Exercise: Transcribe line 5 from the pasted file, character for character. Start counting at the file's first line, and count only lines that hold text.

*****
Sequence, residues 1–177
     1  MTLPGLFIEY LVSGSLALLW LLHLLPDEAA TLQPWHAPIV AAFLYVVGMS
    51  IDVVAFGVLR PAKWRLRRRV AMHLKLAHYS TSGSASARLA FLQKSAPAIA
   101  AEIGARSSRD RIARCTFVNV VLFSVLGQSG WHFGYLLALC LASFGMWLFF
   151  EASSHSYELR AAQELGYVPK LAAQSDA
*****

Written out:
   151  EASSHSYELR AAQELGYVPK LAAQSDA